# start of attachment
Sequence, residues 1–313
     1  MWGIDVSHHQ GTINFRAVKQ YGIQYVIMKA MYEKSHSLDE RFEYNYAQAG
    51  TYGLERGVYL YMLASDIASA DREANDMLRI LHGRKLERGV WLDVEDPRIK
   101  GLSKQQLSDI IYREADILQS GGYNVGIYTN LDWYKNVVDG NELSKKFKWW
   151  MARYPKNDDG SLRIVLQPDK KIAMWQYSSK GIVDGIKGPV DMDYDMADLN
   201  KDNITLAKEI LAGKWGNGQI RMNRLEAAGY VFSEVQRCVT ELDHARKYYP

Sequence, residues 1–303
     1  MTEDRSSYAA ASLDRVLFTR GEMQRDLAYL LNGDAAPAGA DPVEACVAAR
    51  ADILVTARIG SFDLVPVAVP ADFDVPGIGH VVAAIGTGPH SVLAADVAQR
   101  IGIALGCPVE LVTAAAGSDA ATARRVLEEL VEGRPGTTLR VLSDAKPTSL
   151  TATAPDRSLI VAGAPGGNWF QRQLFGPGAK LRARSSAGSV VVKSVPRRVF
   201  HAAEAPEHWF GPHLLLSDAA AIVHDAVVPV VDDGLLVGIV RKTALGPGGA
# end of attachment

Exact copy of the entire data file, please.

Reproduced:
Sequence, residues 1–313
     1  MWGIDVSHHQ GTINFRAVKQ YGIQYVIMKA MYEKSHSLDE RFEYNYAQAG
    51  TYGLERGVYL YMLASDIASA DREANDMLRI LHGRKLERGV WLDVEDPRIK
   101  GLSKQQLSDI IYREADILQS GGYNVGIYTN LDWYKNVVDG NELSKKFKWW
   151  MARYPKNDDG SLRIVLQPDK KIAMWQYSSK GIVDGIKGPV DMDYDMADLN
   201  KDNITLAKEI LAGKWGNGQI RMNRLEAAGY VFSEVQRCVT ELDHARKYYP

Sequence, residues 1–303
     1  MTEDRSSYAA ASLDRVLFTR GEMQRDLAYL LNGDAAPAGA DPVEACVAAR
    51  ADILVTARIG SFDLVPVAVP ADFDVPGIGH VVAAIGTGPH SVLAADVAQR
   101  IGIALGCPVE LVTAAAGSDA ATARRVLEEL VEGRPGTTLR VLSDAKPTSL
   151  TATAPDRSLI VAGAPGGNWF QRQLFGPGAK LRARSSAGSV VVKSVPRRVF
   201  HAAEAPEHWF GPHLLLSDAA AIVHDAVVPV VDDGLLVGIV RKTALGPGGA